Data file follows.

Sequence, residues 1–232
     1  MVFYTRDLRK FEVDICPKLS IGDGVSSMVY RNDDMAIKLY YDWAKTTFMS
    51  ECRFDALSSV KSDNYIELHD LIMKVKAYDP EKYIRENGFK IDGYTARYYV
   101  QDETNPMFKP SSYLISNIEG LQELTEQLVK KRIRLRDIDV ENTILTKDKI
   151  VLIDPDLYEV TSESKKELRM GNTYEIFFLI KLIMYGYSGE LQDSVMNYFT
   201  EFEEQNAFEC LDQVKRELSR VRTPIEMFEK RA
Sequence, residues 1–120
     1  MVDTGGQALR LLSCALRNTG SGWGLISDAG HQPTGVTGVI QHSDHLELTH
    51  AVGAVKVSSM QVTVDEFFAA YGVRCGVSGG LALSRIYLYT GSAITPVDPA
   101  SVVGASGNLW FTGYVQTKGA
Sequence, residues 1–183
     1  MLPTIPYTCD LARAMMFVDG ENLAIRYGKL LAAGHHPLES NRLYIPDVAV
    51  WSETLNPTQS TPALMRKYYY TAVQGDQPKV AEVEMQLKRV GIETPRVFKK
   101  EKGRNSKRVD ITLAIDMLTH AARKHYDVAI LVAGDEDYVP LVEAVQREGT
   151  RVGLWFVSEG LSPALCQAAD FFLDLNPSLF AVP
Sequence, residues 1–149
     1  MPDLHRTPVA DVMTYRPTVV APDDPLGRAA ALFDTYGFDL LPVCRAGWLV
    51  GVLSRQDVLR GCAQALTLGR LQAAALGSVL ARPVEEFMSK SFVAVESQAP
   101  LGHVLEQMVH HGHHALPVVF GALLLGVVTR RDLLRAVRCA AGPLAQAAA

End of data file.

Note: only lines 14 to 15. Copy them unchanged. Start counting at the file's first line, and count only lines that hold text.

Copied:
   101  EKGRNSKRVD ITLAIDMLTH AARKHYDVAI LVAGDEDYVP LVEAVQREGT
   151  RVGLWFVSEG LSPALCQAAD FFLDLNPSLF AVP